Set Retarding with CSA Cements
Qwix is a pure form of CSA that must be blended in portland cement, often replacing portland cement at about 15% by weight. Qwix may be used from 10% to 50% by weight of cement for replacement amounts. Qwix functions as a catalyst in the rapid hardening process of concrete, and the more Qwix that is used, the higher the early strength. However, higher replacement dosages will significantly reduce the set time.
All CSA products are inherently fast setting. In order to boost the work time, chemical retarders are often used. CSA cements can use ordinary citric acid, often at doses of 0.2% to 0.4%. Straight CSA cements (not blended with portland cement) actually benefit from moderate retardation. The structural silicate crystal growth occurs more slowly, and like old-growth wood, results in better concrete with higher strengths.
Qwix, since it’s blended with portland cement, may use citric acid to extend working time, but it may also reduce early strength development of portland cement. Dosages vary depending upon Qwix amounts and upon the amount of working time desired.
Another way to increase work time is to substitute ice for some of the mix water. Generally 1/4 to 1/3rd of the mix water is ice, and the melting ice absorbs heat from the other ingredients. The advantage of thermally retarding the mix with ice is that once the mixture warms up to ambient temperatures, its normal setting rate return, so early strength is far less affected than when citric acid is used.
Both ice and citric acid can be used together for very long work times. I have achieved over an hour of working time with Rapid Set cement in 90 degree weather when citric acid is used along with ice. Ice can also be used with “plain” portland cement based concretes, as this is a time tested technique used in the construction industry for hot weather concreting.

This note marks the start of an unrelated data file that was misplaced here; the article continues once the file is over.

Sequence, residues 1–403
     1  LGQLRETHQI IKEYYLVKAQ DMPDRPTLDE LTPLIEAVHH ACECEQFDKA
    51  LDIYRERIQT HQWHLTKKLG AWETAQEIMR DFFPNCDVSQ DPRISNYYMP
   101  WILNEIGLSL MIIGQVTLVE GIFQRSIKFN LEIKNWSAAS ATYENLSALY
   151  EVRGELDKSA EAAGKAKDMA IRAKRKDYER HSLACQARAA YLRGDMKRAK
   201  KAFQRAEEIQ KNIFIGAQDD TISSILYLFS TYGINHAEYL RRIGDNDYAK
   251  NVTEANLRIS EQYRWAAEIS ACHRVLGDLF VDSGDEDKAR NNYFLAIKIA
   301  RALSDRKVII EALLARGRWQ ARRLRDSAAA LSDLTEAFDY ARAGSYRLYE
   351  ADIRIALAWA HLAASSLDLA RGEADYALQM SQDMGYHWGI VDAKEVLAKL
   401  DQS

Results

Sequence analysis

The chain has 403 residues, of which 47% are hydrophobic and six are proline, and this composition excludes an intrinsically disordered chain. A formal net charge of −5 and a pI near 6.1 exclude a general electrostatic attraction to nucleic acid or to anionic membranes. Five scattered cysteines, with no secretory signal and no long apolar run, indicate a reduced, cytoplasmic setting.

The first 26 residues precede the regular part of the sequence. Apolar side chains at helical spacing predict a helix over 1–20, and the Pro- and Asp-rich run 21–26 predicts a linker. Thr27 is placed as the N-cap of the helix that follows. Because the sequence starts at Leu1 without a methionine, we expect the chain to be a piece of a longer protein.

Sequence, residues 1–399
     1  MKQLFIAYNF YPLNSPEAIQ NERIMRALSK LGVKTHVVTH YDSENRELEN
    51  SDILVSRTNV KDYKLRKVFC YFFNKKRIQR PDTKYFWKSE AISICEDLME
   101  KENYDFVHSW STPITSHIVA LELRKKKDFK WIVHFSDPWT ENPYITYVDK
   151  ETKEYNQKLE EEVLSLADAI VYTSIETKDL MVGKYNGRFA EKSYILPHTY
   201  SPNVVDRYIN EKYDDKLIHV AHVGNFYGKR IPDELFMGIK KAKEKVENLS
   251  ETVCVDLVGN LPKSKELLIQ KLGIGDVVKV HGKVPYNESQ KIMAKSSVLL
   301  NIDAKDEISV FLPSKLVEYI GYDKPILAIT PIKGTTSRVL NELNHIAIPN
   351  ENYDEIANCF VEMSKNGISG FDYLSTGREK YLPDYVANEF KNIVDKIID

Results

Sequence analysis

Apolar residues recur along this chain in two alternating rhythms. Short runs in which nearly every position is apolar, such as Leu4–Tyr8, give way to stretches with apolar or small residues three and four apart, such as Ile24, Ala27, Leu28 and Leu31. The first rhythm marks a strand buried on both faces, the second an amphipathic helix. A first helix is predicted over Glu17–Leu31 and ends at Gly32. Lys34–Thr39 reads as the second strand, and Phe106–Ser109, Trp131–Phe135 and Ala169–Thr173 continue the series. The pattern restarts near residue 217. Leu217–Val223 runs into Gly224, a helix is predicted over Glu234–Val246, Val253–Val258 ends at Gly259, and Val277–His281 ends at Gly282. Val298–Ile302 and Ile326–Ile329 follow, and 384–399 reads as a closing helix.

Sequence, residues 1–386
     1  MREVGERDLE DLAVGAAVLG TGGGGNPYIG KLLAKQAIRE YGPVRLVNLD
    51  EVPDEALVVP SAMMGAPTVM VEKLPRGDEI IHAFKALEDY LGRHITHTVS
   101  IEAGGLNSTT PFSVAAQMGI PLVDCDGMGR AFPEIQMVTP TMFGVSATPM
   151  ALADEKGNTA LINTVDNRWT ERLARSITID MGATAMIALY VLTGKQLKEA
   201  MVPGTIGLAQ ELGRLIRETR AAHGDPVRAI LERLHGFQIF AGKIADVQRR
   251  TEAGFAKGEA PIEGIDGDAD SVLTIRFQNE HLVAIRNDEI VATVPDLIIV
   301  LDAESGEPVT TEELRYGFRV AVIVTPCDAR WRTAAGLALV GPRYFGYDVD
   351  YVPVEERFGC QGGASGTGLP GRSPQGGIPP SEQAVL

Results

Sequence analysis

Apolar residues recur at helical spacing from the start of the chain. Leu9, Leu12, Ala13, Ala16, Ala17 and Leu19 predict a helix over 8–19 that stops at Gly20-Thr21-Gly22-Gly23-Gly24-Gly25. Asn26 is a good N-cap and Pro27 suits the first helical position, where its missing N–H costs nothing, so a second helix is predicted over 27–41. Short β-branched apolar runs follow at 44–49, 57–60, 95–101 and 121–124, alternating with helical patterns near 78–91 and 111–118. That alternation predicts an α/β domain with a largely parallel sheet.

Recommendation for 100% CSA Cement Usage
Keep it simple! There is no significant benefit to clients in using a blend of portland cement plus CSA additive (Qwix), retaining all of the problems of portland cement and necessitating pozzolans, when you could simply use a 100% CSA-based cement (Ultimax or Rapid Set).
Blending portland, Qwix, a pozzolan will result in slightly lower material costs and greater working times, but the mixture requires more ingredients, longer time to batch and a more in depth understanding of how the three cementitious ingredients work together.
All you need to create high quality concrete is sand/aggregate, CSA cement, water and superplasticizer. The occasional admixture such as a set retarder (citric acid and/or ice or a chemical set retarder) may be necessary due to shop conditions. Seal with a reliable, tested, stain-resistant sealer, and you’ve got countertop-quality concrete that is highly functional in your clients’ kitchens or bathrooms.